We find ourselves not in the hands of a prison guard but a gentle and respectful King, who clothes us with His own garments, who calls us and makes us lovely. He, who gave His life for us, gives us a place to live, a family of trusted helpers, a banquet of finest foods, and freedom.
This parable is a call to repentance and it is a promise of God’s steadfast mercy. The servants gathered everyone they found. They made no distinction. This is good news for sinners and those who can’t help themselves. It doesn’t matter how lousy you are, how infected, how contagious. They are all gathered in, good and bad, clean and dirty, smart and stupid, industrious and lazy. And everyone is clothed with the same gentle hands, and everyone eats of the same single Bread of Christ’s Body, and everyone is proclaimed to be the very immaculate, stunning, and lovely Bride of Christ Himself: cleansed by Christ, fed by Christ, clothed by Christ, loved by Christ.
This is the essence of our religion. God does all the work. He provides all the grace. You haven’t been good enough. You don’t deserve to be in His presence, to eat the Body and Blood of the risen Christ, to call Him Husband and to call His Father Our Father, but He wants all that for you, has paid for all of it that you might have it.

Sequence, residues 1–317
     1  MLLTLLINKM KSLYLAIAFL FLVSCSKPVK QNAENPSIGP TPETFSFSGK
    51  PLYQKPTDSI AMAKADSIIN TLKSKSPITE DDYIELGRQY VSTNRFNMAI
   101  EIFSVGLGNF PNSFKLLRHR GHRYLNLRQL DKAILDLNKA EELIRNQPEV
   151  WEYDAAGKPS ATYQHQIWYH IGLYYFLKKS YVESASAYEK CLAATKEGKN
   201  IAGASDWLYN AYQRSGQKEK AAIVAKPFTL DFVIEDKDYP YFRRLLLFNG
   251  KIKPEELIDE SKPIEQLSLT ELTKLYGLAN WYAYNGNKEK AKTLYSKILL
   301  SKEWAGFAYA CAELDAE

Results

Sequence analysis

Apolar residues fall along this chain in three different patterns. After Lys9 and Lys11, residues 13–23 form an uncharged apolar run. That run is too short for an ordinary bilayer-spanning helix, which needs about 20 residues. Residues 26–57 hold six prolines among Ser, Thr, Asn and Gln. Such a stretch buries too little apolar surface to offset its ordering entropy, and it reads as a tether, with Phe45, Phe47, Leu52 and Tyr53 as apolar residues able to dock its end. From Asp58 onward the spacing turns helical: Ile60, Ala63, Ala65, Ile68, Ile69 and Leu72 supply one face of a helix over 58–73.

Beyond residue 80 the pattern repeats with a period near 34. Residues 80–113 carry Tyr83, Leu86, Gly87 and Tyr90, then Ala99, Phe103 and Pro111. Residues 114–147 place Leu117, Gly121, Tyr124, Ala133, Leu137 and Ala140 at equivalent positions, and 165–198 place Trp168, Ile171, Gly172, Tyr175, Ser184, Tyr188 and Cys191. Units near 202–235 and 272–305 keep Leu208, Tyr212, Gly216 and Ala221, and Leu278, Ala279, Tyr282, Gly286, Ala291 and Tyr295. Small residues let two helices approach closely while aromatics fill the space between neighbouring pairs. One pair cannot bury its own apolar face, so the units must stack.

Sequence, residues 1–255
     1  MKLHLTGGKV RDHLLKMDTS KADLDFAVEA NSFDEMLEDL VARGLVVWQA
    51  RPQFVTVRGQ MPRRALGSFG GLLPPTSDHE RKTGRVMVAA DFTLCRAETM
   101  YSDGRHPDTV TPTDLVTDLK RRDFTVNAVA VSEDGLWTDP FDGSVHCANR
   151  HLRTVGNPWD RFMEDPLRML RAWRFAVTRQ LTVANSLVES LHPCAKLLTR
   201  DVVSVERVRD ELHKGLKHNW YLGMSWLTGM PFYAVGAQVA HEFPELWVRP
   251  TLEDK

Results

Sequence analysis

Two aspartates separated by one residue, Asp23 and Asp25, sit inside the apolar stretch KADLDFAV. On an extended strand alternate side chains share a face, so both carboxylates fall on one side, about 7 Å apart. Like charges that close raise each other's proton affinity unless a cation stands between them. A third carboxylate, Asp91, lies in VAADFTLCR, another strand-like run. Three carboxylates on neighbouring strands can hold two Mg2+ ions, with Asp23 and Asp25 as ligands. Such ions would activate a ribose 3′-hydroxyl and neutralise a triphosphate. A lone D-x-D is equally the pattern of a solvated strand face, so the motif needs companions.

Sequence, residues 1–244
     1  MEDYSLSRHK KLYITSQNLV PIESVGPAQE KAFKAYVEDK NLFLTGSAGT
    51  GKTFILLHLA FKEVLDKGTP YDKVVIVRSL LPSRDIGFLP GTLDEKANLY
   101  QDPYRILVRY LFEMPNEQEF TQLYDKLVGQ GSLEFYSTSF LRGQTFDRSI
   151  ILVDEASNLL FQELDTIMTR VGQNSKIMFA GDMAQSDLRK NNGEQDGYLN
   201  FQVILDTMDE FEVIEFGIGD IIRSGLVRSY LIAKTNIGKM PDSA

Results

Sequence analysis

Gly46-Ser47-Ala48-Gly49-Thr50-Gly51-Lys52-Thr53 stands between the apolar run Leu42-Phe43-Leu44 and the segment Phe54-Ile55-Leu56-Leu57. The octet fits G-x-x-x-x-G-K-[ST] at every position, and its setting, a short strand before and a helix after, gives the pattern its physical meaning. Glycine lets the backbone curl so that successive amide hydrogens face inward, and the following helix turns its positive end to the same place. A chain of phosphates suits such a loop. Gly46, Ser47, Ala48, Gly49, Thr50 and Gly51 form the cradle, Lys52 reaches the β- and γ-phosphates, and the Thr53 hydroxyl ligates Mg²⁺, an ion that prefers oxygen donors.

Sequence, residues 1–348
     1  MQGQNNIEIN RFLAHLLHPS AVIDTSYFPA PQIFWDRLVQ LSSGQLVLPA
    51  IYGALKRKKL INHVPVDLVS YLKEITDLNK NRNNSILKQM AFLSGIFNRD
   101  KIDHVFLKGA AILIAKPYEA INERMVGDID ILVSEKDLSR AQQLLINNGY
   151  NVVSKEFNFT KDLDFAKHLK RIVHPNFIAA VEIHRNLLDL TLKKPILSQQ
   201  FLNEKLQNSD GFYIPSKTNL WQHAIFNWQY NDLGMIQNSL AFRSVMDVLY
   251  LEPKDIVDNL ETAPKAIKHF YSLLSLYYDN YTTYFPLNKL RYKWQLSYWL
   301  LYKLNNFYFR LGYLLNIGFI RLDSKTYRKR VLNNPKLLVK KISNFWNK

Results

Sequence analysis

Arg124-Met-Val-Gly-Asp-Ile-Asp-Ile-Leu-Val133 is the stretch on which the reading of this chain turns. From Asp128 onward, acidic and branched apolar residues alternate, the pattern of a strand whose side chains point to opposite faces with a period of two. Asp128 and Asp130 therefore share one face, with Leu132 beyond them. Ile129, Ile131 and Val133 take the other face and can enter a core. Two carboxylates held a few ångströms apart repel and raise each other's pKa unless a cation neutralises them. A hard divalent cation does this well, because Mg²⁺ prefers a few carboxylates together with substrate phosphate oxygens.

We seized and killed not just the messengers but also the very Son of God. Yet God welcomes us in as replacement sons. We get for free what we tried to steal. We neglected or confused His doctrine and made up excuses, but He remains steadfast in His mercy. He gives us His Word. He speaks kindly to us and restores us with His absolution. In Word and Sacrament, He speaks us cleans, declares us righteous. He gives us good works to perform not as punishment but because we are part of the family. He gives us a part of His Kingdom.